William Blake, Blake's Cottage, Felpham copy

Sadly some of the houses we photographed have now been demolished. Asham House, Beddingham, where Virginia Woolf lived during the First World War, has gone. That’s a great shame as it was a beautiful house. When we visited, the air was filled with the sound of ragged crows calling to each other across the bare tree tops.

Virginia Woolf, Asham House, Beddingham, website

The brick church of St Cuthbert’s in Hove, where the poet Andrew Young was a minister from 1920, was demolished while we were working on the book. I took a photograph of Bernard among the ruins. As a young man, my dad had been a poet and he loved Young’s poetry.

Andrew Young, St Cuthbert's, Hove copy

They were good days, full of conversations about writers and walks across rolling downland, fueled by dark Sussex ales – days I’ll never forget. Thanks dad.

I dare say you can still pick up a second-hand copy of our book. My photos from the book (and a few extra ones) are mostly on Flickr. You can also read the foreword, written by another Sussex writer, Christopher Fry. I’ve uploaded a pdf file of his original text, typed on his 1917 typewriter, here.

If you’ve enjoyed reading this, you might be interested in another piece I wrote on the links between place and writing.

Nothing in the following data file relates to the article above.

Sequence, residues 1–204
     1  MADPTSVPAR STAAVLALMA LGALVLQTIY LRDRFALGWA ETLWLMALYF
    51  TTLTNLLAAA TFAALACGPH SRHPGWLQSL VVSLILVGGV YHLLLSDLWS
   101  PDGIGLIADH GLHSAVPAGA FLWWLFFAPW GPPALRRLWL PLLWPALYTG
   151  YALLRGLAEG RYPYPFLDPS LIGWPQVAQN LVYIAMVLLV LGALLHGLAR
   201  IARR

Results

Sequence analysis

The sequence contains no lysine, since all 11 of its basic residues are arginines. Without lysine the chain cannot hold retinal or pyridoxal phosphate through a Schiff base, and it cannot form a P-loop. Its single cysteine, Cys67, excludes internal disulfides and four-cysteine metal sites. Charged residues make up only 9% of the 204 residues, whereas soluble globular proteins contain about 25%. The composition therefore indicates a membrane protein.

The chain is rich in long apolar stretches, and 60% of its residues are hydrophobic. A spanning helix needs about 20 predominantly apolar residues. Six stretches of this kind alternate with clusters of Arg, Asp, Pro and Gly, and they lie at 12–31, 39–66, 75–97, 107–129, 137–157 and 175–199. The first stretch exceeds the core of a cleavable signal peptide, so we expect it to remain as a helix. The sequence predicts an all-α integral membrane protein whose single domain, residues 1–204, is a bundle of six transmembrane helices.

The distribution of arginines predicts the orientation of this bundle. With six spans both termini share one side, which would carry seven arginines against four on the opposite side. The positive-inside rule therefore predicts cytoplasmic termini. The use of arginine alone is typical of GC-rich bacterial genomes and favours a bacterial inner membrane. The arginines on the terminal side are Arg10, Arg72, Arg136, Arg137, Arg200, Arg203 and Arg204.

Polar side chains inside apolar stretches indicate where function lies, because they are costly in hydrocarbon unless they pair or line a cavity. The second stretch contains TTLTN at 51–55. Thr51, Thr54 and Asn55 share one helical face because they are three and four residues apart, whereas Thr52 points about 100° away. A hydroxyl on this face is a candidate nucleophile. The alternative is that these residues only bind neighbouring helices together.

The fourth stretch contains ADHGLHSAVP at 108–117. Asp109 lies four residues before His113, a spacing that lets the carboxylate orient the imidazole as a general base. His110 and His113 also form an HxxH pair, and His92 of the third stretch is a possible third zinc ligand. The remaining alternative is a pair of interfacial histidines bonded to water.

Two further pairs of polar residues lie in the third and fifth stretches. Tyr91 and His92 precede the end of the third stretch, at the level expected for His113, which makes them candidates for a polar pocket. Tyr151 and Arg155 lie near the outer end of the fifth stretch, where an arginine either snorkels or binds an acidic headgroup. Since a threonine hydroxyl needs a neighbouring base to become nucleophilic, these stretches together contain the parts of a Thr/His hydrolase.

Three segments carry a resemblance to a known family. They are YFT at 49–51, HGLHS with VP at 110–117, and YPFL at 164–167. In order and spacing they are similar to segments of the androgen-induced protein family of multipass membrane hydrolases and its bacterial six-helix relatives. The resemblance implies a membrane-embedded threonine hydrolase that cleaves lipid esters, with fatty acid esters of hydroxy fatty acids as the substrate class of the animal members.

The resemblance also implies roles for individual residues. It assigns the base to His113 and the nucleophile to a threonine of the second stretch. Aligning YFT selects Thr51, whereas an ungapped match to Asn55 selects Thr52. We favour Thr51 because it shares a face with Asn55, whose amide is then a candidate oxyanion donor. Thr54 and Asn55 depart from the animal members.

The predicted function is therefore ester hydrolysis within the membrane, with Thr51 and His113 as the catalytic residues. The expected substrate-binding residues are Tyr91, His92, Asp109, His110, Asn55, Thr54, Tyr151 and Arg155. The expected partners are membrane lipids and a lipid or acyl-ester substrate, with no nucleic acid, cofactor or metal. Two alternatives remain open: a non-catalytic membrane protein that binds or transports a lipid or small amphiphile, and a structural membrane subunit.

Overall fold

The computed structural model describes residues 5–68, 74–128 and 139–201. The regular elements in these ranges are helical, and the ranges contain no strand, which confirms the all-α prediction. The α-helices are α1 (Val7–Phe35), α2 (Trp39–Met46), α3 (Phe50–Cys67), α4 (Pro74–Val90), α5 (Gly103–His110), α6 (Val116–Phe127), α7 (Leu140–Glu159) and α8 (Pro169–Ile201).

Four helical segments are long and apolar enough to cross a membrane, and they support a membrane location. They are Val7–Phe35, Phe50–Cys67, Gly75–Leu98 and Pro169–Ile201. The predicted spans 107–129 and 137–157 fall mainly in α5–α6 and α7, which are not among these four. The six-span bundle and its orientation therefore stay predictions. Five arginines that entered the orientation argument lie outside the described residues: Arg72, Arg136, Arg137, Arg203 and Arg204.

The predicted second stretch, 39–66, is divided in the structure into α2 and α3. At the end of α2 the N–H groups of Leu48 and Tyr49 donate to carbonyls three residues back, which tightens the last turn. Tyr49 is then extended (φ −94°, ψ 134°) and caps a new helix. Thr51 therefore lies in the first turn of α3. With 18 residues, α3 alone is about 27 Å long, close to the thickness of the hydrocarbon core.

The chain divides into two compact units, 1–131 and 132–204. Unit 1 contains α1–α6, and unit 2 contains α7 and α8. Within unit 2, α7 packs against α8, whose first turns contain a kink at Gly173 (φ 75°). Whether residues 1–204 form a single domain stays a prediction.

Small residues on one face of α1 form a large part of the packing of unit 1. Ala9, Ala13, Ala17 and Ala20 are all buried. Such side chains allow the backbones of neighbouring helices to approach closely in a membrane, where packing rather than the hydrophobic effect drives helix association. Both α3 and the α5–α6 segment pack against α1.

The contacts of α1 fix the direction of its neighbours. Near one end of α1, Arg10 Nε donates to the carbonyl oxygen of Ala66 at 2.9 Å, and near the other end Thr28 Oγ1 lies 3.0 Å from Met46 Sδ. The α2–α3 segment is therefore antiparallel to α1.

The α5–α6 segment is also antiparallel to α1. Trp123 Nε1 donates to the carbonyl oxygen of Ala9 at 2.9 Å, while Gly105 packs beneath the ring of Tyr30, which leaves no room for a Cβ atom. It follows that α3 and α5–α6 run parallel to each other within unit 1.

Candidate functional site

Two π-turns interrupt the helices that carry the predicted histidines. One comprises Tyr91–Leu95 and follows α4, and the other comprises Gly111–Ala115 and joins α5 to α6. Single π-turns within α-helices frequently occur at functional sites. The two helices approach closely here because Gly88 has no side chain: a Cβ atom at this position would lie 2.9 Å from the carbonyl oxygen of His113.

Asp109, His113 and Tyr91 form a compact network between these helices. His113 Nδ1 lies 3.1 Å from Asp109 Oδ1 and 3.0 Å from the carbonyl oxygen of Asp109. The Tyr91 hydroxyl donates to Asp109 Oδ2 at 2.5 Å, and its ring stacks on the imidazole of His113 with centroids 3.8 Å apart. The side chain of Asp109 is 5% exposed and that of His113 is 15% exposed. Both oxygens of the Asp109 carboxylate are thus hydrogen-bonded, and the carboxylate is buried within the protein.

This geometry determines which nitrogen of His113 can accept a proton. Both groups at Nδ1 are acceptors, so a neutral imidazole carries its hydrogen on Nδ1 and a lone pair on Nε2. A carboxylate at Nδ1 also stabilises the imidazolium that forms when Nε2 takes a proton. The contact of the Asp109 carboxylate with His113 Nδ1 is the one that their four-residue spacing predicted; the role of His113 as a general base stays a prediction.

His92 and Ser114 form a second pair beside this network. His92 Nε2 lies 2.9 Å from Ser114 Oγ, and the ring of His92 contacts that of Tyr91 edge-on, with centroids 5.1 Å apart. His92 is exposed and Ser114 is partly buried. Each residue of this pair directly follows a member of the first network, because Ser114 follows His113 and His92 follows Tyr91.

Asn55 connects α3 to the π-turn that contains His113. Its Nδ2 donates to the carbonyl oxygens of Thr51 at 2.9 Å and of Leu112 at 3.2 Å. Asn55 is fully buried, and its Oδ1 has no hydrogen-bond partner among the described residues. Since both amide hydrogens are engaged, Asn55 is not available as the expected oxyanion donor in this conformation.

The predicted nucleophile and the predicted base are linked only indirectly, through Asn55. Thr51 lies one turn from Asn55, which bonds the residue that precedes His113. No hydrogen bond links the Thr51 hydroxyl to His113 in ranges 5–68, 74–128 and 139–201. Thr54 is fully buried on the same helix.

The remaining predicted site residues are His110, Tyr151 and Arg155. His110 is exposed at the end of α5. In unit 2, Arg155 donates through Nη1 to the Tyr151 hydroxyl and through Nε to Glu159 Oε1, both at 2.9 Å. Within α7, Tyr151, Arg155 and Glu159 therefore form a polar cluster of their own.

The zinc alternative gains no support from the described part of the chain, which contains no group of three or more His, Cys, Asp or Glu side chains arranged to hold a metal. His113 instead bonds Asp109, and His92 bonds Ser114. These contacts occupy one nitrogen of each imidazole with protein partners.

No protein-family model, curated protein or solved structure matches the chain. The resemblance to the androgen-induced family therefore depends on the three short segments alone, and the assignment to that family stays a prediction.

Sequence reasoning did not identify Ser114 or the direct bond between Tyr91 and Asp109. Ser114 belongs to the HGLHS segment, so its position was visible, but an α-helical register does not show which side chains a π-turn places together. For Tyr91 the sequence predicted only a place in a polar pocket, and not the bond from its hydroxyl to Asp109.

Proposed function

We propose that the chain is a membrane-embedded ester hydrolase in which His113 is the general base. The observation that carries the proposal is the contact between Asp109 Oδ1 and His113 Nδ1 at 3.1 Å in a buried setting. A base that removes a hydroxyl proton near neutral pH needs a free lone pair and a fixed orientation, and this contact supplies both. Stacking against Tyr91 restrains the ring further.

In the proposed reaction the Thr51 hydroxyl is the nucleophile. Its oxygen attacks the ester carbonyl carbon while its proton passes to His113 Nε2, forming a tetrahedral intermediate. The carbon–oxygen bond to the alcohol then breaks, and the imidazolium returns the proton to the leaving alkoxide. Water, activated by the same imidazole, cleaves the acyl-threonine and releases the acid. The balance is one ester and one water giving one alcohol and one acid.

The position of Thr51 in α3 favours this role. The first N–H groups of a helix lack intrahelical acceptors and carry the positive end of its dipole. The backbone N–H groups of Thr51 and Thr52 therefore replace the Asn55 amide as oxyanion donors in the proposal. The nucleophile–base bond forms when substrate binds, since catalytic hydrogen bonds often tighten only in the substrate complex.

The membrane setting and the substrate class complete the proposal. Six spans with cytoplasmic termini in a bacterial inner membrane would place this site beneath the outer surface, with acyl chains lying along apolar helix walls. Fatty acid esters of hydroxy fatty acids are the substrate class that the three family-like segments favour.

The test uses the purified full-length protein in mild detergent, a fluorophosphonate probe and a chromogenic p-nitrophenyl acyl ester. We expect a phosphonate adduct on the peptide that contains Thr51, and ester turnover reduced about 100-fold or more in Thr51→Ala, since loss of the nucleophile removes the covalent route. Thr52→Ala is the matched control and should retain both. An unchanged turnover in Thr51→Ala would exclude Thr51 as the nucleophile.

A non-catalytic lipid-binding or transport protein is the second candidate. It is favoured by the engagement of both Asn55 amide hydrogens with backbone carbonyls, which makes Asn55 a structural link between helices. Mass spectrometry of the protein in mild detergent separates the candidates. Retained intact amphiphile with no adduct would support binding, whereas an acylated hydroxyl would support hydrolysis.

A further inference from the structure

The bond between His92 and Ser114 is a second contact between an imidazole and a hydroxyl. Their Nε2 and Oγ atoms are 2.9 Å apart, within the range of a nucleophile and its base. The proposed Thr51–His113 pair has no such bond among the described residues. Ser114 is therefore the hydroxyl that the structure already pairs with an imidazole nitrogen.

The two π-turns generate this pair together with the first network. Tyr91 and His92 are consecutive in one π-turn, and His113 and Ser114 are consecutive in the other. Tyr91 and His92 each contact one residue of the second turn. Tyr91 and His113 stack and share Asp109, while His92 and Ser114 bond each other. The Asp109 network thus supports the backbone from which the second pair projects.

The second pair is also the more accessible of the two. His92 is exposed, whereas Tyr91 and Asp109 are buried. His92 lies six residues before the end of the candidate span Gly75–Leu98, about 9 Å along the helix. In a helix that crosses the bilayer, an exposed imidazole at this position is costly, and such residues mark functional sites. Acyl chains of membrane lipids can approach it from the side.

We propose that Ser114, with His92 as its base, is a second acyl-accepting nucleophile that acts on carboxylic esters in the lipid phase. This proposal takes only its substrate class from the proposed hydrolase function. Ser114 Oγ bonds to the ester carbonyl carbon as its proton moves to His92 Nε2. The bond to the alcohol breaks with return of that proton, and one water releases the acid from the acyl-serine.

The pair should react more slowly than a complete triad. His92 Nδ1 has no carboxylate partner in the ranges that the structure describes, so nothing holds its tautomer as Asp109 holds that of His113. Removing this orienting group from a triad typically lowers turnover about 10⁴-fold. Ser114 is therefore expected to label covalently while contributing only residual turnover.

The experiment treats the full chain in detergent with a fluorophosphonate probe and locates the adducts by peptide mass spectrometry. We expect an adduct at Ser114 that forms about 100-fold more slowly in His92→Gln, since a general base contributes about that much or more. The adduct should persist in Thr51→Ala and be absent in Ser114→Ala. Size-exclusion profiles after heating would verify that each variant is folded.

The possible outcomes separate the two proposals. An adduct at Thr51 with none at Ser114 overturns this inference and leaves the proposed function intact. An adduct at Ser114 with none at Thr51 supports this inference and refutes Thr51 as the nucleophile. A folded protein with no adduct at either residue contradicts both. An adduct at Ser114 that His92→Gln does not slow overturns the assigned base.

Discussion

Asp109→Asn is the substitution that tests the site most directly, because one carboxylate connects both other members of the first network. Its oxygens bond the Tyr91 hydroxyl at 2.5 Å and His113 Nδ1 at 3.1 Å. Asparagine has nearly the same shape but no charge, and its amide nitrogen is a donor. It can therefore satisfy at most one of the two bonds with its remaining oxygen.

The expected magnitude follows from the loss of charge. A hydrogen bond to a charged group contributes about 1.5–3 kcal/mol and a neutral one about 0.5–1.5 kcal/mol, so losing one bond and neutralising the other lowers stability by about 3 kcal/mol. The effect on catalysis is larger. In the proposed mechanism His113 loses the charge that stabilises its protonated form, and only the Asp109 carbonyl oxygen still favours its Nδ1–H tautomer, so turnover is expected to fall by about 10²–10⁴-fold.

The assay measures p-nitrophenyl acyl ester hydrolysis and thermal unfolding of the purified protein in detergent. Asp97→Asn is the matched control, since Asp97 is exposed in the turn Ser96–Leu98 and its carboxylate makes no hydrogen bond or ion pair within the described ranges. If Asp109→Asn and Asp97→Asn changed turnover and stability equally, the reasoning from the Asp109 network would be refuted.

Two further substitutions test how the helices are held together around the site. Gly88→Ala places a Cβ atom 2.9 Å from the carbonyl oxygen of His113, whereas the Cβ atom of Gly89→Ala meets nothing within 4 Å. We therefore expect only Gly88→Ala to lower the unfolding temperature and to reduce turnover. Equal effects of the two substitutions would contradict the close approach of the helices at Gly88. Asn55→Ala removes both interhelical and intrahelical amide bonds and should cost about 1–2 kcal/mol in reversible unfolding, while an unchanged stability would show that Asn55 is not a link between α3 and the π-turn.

Bernard & Trudi on Chanctonbury Ring, Sussex, June 1982, med


28 October 2015 | Paris, photography | Post a comment

Just back home after a much-needed break in Paris. The city of light was more beautiful than ever in the autumn sun...


If you get the chance, go to Victor Hugo's apartment on the Place des Vosges. Fascinating in itself, but worth it just for the views of the exquisite seventeenth-century square outside…

More photos over on Flickr, as ever.

À bientôt...

They All Love Jack

03 October 2015 | crime, Detectives, Reviewing, Watching the Detectives | 2 comments

I've spent the last week reading and reviewing Bruce Robinson's remarkable new book on Jack the Ripper, They All Love Jack: Busting the Ripper, which has just been longlisted for the 2015 Samuel Johnson Prize. It's a leviathan of a book – more than 800 pages long – and on one level Robinson has written a wonderfully scabrous exposé of the debauched lives of the Victorian aristocracy and upper classes.

Men like Henry James Fitzroy, Earl of Euston, whom Robinson describes with typical bluntness as “a classic pile of shit”, and Prince Albert Victor, son of the Prince of Wales, an “effete little useless pederast” but not, as some Ripperologists have suggested, a candidate for Jack the Ripper himself (“nonsense”, growls Robinson, who claims this theory is so ludicrous it had to be an attempt to divert attention from the real perpetrator).